Updates about the workshop series will be posted on Facebook and Twitter, using the hashtag #scholarpipeline.
Three finalists have been named in the search for the Associate Director for Online Learning, a position in the Center for Excellence in Learning and Teaching (CELT). The finalists will interview on campus over the next couple of weeks.
The candidates are:
Devrim Ozdemir, instructional design coordinator, College of Health Sciences, Des Moines University, Iowa
Chen Hsin-liang, associate professor, Palmer School of Library and Information Science, Long Island University, New York
Kenneth Hay, former associate professor, cognitive science, Indiana University, Bloomington, Indiana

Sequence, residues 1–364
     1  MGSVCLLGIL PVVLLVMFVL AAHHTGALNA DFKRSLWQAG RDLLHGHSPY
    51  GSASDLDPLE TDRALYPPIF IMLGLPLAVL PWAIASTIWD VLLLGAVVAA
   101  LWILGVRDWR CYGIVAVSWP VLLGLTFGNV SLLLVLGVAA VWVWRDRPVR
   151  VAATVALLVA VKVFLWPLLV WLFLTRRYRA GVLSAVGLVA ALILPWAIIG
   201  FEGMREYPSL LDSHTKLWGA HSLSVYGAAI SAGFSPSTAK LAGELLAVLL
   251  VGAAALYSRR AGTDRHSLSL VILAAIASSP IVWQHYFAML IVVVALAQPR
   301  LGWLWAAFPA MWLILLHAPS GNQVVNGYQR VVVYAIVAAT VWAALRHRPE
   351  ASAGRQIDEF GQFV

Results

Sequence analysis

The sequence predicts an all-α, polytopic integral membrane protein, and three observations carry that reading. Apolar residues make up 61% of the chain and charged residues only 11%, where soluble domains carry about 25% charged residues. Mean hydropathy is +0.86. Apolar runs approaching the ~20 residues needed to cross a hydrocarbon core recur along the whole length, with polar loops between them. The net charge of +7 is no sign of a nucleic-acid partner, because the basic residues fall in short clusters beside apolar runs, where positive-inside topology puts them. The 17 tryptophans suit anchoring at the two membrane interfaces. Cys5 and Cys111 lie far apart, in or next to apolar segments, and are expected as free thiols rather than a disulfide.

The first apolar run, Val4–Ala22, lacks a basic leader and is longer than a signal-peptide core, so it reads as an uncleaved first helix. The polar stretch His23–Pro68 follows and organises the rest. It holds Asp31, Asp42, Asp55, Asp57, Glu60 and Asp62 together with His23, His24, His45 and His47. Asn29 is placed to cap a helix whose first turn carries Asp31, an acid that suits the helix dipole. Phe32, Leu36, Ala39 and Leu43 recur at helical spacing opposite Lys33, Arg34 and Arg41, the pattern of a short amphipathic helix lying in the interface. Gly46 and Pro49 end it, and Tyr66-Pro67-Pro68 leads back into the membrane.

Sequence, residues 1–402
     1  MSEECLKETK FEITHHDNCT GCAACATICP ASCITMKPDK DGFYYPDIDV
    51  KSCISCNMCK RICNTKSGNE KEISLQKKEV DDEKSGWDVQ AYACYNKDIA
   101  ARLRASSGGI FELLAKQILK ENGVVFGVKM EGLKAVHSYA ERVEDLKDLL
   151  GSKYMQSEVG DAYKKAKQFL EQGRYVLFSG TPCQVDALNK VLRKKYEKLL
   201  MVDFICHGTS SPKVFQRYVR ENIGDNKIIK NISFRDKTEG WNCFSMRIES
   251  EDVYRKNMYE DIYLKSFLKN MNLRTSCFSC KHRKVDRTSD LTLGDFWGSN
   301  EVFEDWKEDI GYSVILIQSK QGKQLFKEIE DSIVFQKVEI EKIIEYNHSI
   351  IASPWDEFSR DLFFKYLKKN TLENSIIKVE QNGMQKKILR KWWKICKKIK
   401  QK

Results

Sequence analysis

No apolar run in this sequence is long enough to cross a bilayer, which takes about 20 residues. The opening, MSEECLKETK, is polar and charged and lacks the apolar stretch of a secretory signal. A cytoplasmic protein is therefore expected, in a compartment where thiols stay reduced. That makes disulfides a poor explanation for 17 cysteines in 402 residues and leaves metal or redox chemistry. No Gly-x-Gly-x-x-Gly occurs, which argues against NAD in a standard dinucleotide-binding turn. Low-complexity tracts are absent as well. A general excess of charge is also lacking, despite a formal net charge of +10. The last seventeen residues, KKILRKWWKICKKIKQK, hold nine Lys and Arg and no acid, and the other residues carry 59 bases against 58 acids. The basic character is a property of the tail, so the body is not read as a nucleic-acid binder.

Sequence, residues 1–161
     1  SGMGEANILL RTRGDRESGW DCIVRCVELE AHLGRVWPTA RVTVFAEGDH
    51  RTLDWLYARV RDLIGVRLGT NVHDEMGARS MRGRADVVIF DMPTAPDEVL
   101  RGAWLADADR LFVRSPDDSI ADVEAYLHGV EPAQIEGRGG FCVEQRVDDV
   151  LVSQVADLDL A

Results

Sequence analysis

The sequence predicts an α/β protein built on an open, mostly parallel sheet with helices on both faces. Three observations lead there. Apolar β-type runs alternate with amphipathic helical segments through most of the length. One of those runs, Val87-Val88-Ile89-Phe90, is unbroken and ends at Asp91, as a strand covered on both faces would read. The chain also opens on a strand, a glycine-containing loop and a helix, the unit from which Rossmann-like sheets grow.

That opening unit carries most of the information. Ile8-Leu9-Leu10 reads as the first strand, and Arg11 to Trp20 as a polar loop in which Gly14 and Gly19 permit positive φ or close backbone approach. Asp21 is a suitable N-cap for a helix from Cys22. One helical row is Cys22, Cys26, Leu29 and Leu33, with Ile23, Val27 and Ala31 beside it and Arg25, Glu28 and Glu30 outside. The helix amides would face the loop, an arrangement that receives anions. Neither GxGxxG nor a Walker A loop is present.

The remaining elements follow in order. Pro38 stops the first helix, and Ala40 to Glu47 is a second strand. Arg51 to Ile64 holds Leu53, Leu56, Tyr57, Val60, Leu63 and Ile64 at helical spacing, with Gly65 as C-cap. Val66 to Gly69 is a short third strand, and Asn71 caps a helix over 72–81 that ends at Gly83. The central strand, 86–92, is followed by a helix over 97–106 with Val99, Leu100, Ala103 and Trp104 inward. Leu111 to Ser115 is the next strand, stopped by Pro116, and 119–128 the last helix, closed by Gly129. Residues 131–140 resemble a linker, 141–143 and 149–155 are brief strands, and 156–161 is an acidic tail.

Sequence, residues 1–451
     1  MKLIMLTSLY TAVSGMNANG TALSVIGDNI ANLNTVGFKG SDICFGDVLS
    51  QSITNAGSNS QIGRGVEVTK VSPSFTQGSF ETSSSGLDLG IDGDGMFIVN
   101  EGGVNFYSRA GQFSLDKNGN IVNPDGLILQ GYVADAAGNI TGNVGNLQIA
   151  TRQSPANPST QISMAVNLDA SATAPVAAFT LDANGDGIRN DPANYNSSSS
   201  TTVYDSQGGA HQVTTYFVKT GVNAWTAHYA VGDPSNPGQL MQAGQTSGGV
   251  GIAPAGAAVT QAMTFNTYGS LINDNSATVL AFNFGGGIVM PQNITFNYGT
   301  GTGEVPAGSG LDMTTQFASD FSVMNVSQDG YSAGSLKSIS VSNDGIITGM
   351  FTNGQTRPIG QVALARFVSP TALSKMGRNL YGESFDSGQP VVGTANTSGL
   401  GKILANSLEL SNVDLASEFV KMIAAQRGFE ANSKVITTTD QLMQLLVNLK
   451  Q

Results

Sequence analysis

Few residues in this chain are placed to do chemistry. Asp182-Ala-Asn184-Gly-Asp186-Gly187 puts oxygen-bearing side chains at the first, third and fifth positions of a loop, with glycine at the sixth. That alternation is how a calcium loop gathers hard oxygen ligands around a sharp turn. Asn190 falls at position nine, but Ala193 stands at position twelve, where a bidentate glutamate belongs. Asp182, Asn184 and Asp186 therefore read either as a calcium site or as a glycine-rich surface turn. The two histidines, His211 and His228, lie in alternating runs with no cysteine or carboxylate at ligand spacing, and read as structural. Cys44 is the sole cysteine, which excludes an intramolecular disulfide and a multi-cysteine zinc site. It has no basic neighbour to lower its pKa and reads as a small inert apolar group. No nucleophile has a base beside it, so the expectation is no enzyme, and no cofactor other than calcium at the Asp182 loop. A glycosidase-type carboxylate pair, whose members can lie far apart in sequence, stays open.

The campus community is encouraged to attend an open forum with each candidate.
It got me thinking how to maximize time with my students on the first day of class this fall. It is a quick read and gives a number of easy to implement ideas that can really help set the tone for the rest of the semester. Like the old adage says “You never get a second chance to make a first impression”.
I also wanted to provide a couple of teaching technology updates.
In collaboration with Information Technology Services we are continuing the transition to Top Hat as the new audience response system (clickers). An ISU Top Hat website is available, which includes transition tips, information on how students can purchase a license, and how instructors can request user support. View ISU Top Hat website.